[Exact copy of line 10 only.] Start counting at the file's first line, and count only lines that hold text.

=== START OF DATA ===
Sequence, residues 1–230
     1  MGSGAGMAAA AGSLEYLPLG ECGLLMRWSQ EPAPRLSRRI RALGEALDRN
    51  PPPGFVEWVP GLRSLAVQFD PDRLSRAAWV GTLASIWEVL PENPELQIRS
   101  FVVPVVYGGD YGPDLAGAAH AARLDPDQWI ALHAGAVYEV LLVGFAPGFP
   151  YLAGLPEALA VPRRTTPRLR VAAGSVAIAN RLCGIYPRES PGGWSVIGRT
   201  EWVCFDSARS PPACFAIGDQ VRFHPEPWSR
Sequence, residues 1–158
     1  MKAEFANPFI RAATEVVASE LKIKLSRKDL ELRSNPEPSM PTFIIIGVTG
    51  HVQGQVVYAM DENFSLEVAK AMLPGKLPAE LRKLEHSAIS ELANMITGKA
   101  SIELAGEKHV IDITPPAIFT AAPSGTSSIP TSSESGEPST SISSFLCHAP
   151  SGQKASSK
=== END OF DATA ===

   101  SIELAGEKHV IDITPPAIFT AAPSGTSSIP TSSESGEPST SISSFLCHAP